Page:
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Recipe Thursday-Hot Pockets

Posted on April 12th, 2012 | Posted in Recipes, Sandwich

I absolutely love this recipe for Hot Pockets! Despite Jim Gaffigan giving Hot Pockets a bad rap these are so delicious and addictive. Proceed with caution though before making this recipe make sure that you have friends to share them with or else you may be eating 16 hot pockets:). This recipe is from my friend’s mom; she use to make them when I was growing up and I treasure this recipe. The dough turns out to be such a soft perfect consistency, I credit this to the mashed potato addition, and in my mind would pair well with any filling. I made mine with ham and cheese. Also, for anyone that has not seen Jim Gaffigan’s bit on this delicacy, make sure to watch it. Enjoy some comedy and some truly tasty Hot Pockets. You’ll be glad you ate it!

Hot Pockets with Ham and Cheese Filling

Yield 16 Hot Pockets
Ingredients
2 1/2 teaspoon active dry yeast (991832)
1/4 cup water
2 medium potatoes, cooked and mashed (LND910)
2 cups hot water that potatoes were boiled in**not all water is used**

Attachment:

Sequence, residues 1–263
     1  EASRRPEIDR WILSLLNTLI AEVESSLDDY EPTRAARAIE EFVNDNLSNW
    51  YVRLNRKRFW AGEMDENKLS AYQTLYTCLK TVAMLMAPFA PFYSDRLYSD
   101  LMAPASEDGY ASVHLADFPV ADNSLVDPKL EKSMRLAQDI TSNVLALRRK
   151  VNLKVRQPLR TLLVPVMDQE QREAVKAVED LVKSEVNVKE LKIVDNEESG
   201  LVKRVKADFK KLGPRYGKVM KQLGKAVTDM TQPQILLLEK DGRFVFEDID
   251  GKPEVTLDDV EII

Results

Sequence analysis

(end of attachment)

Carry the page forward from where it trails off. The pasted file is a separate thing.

2/3 cup oil (992065)
2 tablespoons salt (991861)
1/2 cup granulated sugar (991842)
3 eggs, beaten (EGG011)
7 cups all-purpose flour (991867)
3 cups cubed ham (PRI100)
2 cups shredded cheddar cheese (774136)
butter (880024)

Method
Soften yeast in water; set aside. Cook and mash potatoes. Add hot mashed potatoes and potato water totaling 2 cups. Mix potato mixture with oil, sugar and salt. Add eggs and 2 cups flour. Add yeast and remaining flour and knead on well-floured board until dough is smooth and soft; place in a greased bowl and either refrigerate or place in warm area and allow to rise until doubled in size.

Divide dough into 4 parts. Roll each part out in a 12 x 12-inch square and cut into 4 squares. Place 2 heaping tablespoons of cubed ham and 1 tablespoon of cheese on each square. Bring up corners and seal sides. Place seam side down on lightly greased baking sheet and bake in 400-degree oven for 12 to 15 minutes. Brush lightly with butter after baking.

Recipe from Ruth Hess Miller

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